The way it works with plastics and decorative elements has a positive effect on Eimo’s bottom line, and its internal philosophy has affected other aspects of the business positively. Hallam feels that the company’s workplace culture is very open, with managers involved in the day-to-day business in a very hands-on way. “The goal is to create a culture where people at all levels achieve success, including customers, suppliers, and stakeholders.”
Many employees have had long tenures because of this workplace attitude; Hallam, having spent thirty-seven years in the business, only claims the eighth place on the seniority chart. He admits that social distancing and COVID-19 protocols have made maintaining the company’s family atmosphere more difficult, especially in terms of communication and fraternization among employees. The priority at Eimo is employee safety, so attention continues to be paid to navigating the definition of the term ‘essential business’ and adapting to incoming changes. “We flexed our adaptability muscle,” Hallam recalls, so business has continued as normal for the most part.
He notes that 2021 had a bad start, as Texas suffered an extreme weather event causing pipes to freeze, and material shortage concerns surfaced by mid-year. The price of resin increased throughout the year (a necessary ingredient in the plastics process) to what he refers to as an unprecedented level due to supply and demand challenges, and this pricing continues to put a strain on the industry, leading to a greater degree of customer hesitancy. Hallam credits supply chain manager Jean Hentkowski with ensuring that customer workflow was never interrupted because of these shortages, a huge boon in a challenging time.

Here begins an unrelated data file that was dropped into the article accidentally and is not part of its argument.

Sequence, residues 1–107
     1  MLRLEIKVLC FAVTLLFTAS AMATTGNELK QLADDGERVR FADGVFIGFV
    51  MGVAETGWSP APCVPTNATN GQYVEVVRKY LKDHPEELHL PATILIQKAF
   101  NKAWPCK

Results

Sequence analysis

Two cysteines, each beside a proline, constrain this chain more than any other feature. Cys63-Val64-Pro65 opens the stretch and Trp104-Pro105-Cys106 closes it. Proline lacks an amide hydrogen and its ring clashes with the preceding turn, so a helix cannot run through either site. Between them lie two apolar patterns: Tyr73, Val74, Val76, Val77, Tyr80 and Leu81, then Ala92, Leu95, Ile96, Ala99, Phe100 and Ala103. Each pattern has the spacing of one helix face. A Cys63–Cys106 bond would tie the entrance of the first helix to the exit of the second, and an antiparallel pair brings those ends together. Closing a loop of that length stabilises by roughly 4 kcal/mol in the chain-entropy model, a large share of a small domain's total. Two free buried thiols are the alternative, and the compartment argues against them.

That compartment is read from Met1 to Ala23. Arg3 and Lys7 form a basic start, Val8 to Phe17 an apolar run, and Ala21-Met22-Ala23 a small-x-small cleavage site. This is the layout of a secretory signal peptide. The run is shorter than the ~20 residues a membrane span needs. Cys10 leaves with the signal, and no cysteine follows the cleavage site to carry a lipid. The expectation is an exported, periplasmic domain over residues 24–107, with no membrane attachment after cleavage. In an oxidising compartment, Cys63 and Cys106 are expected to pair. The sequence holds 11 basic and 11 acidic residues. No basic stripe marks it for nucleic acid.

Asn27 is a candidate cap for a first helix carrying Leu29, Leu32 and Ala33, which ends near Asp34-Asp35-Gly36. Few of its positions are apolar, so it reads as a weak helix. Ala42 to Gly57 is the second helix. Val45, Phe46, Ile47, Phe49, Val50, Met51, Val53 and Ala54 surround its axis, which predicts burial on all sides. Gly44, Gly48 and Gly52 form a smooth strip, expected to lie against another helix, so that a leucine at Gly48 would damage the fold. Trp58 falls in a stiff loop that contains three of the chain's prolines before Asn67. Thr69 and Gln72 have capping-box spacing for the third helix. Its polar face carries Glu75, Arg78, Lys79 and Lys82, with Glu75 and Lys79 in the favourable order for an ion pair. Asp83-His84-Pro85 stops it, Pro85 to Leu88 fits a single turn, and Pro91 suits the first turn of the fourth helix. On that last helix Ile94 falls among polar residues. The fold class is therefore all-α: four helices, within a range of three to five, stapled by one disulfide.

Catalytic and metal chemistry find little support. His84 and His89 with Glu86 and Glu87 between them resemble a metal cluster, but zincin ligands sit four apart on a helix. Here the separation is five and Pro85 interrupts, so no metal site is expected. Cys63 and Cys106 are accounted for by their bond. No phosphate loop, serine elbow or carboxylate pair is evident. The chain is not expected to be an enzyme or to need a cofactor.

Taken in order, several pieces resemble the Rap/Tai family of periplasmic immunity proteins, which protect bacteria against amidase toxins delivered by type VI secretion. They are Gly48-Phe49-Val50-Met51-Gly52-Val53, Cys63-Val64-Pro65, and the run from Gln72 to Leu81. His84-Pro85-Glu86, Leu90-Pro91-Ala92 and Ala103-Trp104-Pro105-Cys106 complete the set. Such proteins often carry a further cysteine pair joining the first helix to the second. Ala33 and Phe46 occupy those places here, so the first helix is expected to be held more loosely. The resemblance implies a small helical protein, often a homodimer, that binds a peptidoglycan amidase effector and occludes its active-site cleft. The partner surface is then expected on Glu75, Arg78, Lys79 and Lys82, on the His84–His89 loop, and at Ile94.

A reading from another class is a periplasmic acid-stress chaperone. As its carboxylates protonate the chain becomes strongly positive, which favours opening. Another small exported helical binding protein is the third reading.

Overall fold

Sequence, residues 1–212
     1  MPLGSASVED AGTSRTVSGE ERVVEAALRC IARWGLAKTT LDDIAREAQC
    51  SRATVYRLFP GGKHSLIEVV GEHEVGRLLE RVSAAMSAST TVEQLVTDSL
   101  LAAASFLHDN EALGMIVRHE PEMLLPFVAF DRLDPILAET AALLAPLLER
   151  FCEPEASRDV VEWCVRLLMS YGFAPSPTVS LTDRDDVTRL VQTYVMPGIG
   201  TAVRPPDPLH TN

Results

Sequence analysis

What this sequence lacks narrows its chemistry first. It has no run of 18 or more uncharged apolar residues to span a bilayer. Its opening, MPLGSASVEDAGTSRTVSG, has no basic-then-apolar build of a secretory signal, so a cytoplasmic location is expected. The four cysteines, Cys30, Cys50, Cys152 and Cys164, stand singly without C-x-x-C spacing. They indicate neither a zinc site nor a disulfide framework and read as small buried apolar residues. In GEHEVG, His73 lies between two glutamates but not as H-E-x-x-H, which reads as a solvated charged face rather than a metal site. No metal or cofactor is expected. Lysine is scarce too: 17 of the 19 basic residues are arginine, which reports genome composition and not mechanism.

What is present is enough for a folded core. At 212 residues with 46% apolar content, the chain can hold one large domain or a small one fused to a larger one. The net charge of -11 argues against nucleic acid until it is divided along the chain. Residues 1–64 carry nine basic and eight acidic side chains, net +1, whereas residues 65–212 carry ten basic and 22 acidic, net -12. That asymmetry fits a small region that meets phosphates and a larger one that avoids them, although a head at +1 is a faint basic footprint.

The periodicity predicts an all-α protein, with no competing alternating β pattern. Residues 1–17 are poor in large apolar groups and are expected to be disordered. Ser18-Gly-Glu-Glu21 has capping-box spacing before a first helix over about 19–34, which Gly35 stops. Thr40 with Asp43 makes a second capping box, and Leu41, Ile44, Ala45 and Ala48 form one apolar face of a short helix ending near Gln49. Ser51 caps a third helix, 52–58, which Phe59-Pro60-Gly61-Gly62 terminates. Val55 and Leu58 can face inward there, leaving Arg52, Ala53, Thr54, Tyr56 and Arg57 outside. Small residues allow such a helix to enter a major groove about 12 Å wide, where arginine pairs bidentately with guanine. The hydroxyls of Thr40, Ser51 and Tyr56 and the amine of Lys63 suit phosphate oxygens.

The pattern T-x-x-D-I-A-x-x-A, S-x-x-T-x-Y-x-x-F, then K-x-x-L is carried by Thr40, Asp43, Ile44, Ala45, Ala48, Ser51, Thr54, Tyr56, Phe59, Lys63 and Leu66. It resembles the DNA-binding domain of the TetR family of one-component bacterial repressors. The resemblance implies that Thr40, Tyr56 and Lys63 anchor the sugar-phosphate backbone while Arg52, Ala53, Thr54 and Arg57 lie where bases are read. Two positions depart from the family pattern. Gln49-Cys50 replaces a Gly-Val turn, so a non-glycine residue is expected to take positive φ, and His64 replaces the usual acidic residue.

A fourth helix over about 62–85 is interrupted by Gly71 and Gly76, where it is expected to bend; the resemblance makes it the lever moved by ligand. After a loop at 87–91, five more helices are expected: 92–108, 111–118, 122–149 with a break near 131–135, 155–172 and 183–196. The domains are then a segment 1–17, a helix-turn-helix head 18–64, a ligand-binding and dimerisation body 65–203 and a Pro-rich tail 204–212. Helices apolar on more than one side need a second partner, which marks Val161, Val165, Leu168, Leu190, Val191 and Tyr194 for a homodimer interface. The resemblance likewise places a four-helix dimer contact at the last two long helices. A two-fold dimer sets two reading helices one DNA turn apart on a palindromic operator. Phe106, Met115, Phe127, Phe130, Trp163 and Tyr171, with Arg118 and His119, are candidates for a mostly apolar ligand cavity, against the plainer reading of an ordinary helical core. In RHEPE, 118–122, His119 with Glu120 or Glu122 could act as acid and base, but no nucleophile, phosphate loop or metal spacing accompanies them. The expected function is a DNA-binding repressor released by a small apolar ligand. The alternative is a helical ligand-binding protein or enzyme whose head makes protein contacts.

Eimo has also been experiencing labor shortages in the past few years, which is a problem across a litany of industries, although it seems to be improving thanks to “the can-do attitude of our people and their willingness to sacrifice,” as Hallam defines it. A lot of headway has been made in the final months of 2021, as sixty-five open positions have fallen to around fifteen to twenty. He identifies these as the dominant issues in current day operations, and these will continue to be dealt with going forward. However, the end-of-year outlook seems positive for Eimo now.
As 2022 is set to begin, Eimo is entering its next phase of growth. Its east plant was finished in 2015 but that has since become full. Plans were put into motion in 2021 for expansion, and ground was broken in early October to add 32,000 square feet, up to fifteen additional injection molding machines, and 25 percent further capacity.
Hallam has observed that there are continuing supply chain and logistics problems on a global scale, with many of the company’s customers experiencing many unplanned non-production days due to semiconductor issues or because of lockdown measures in Asian countries, leaving related businesses unable to produce and ship.
When it comes to these problems, Hallam cites an inspirational quote that best defines the company’s style: “We can’t direct the wind, but we can adjust the sails.” Eimo constantly monitors situations and adapts to them, only worrying about what can be controlled within a challenging environment. Its workers still enjoy coming into work and meeting challenges and taking on difficulties together as a team.
Eimo has expanded the market in the past six years and has evolved into one of the world’s leading injection molding manufacturers. The company will look to continue cornering that market segment and bring more of its projects in-house, growing in a controlled fashion both locally and organically.